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The Bank of New York Mellon v. Desert Shores Community Association

United States District Court, D. Nevada

July 20, 2017



         Presently before the court is defendant Desert Shores Community Association's (the “HOA”) motion to dismiss. (ECF No. 11). Plaintiff Bank of New York Mellon (“BNYM”) filed a response (ECF No. 22), and defendant filed a reply (ECF No. 28).

         Also before the court is plaintiff's motion for default judgment against defendant Nevada Association Services, Inc. (“NAS”). (ECF No. 14). NAS has failed to respond to both the complaint and the motion for default judgment.

         I. Introduction

         On July 1, 2016, plaintiff filed a complaint in relation to the September 30, 2013, non-judicial foreclosure sale of the real property at 8416 Haven Brook Court, Las Vegas, Nevada. (ECF No. 1). Against the HOA and NAS, plaintiff asserts the following causes of action: (1) quiet title/declaratory judgment; (2) breach of Nevada Revised Statute (“NRS”) § 116.1113's obligation of good faith; and (3) wrongful foreclosure. (Id.). Against Premier One Holdings, Inc. (“Premier”), plaintiff asserts a “claim” for injunctive relief. (Id.).[1]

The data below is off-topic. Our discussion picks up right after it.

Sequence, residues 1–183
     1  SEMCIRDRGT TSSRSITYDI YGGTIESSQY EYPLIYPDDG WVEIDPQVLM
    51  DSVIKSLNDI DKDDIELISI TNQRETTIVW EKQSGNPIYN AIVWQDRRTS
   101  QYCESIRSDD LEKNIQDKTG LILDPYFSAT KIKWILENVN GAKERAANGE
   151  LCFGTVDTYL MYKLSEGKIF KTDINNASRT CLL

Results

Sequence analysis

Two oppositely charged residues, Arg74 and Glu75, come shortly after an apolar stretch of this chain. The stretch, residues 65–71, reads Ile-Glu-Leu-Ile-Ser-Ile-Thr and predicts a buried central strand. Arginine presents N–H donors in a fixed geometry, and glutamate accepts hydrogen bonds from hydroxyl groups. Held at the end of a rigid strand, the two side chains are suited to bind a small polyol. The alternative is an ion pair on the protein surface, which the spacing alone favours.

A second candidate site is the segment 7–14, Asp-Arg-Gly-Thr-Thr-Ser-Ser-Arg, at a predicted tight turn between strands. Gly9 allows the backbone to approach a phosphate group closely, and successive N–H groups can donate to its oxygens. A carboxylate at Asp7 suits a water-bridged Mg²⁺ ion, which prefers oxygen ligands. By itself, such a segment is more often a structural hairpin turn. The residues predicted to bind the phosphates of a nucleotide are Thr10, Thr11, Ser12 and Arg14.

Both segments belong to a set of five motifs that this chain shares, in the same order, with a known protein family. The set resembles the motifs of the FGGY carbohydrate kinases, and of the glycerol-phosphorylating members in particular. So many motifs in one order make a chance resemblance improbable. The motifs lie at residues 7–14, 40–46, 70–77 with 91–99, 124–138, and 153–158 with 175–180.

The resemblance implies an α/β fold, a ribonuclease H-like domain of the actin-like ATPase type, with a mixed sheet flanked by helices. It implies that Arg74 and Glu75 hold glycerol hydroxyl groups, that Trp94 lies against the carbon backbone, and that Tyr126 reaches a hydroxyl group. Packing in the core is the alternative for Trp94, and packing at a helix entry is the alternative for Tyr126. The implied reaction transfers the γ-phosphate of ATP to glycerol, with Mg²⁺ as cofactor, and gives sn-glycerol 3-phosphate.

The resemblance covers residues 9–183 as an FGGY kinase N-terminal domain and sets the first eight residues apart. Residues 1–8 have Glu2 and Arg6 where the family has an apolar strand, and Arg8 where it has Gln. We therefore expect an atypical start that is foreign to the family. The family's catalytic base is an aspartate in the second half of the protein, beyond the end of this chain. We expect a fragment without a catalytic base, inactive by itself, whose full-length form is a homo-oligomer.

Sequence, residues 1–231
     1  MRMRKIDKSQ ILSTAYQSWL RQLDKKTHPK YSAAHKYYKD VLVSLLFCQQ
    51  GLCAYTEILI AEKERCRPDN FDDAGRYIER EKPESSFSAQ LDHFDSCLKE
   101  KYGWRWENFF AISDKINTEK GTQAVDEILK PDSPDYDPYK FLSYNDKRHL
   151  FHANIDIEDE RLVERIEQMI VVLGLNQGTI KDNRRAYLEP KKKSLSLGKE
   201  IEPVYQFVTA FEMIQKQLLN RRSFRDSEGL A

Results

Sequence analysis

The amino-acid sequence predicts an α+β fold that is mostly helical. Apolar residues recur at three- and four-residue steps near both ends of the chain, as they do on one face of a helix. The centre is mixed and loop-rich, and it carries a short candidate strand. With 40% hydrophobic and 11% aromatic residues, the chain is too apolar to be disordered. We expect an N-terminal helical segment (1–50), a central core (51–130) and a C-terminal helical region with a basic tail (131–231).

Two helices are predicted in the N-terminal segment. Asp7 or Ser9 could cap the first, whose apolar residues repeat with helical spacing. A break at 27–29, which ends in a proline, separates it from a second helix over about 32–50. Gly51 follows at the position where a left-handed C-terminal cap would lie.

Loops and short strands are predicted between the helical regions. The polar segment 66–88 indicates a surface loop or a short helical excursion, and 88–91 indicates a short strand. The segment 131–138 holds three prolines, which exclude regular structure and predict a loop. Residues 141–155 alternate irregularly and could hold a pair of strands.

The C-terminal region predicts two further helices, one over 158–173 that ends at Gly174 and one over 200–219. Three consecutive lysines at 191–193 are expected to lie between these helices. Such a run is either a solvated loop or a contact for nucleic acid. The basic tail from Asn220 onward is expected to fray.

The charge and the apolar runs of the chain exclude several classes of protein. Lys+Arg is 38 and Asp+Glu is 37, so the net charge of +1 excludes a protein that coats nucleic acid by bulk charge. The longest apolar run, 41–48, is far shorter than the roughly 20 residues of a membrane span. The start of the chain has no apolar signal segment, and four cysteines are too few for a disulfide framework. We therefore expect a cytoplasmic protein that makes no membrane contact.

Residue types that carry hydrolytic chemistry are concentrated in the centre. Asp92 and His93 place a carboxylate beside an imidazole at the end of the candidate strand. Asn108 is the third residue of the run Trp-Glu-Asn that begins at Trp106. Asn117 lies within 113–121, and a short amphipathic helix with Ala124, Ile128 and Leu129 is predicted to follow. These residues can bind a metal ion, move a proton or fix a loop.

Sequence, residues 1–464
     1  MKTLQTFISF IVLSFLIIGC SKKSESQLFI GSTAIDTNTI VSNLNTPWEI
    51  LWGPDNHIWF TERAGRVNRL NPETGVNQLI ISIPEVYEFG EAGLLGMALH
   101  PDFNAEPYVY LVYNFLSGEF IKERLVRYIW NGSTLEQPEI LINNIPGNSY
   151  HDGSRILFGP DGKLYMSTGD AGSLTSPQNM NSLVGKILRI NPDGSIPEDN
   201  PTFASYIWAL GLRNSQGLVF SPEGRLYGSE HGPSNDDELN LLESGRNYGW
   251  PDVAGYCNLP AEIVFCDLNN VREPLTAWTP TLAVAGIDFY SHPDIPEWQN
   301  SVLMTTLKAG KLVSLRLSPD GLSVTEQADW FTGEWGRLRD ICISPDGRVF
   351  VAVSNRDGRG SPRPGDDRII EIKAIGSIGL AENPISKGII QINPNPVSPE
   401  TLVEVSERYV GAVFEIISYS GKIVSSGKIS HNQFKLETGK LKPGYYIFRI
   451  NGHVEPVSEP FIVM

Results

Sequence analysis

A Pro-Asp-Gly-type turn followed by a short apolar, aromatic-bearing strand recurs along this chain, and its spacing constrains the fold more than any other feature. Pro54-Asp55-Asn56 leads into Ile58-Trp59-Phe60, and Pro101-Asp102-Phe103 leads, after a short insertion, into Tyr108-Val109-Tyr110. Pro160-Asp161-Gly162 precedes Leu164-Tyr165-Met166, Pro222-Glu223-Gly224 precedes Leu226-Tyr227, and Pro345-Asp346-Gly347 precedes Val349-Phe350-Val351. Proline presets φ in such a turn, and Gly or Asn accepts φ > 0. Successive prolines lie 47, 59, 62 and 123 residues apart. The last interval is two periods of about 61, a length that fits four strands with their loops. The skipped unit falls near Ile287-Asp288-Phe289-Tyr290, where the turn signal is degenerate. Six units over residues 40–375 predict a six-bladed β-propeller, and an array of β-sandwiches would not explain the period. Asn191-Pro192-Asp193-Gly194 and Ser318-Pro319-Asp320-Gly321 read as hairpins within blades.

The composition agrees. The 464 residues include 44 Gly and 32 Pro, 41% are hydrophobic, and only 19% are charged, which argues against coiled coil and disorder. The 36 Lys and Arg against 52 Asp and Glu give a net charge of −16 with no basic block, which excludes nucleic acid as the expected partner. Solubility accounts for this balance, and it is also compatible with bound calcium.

NAS was served on July 5, 2016. (ECF No. 7). Consequently, an answer from NAS was due on July 26, 2016. (Id.). Plaintiff filed a motion for default judgment on January 4, 2017. (ECF No. 14). To date, NAS has not responded.[2]

         II. Legal Standard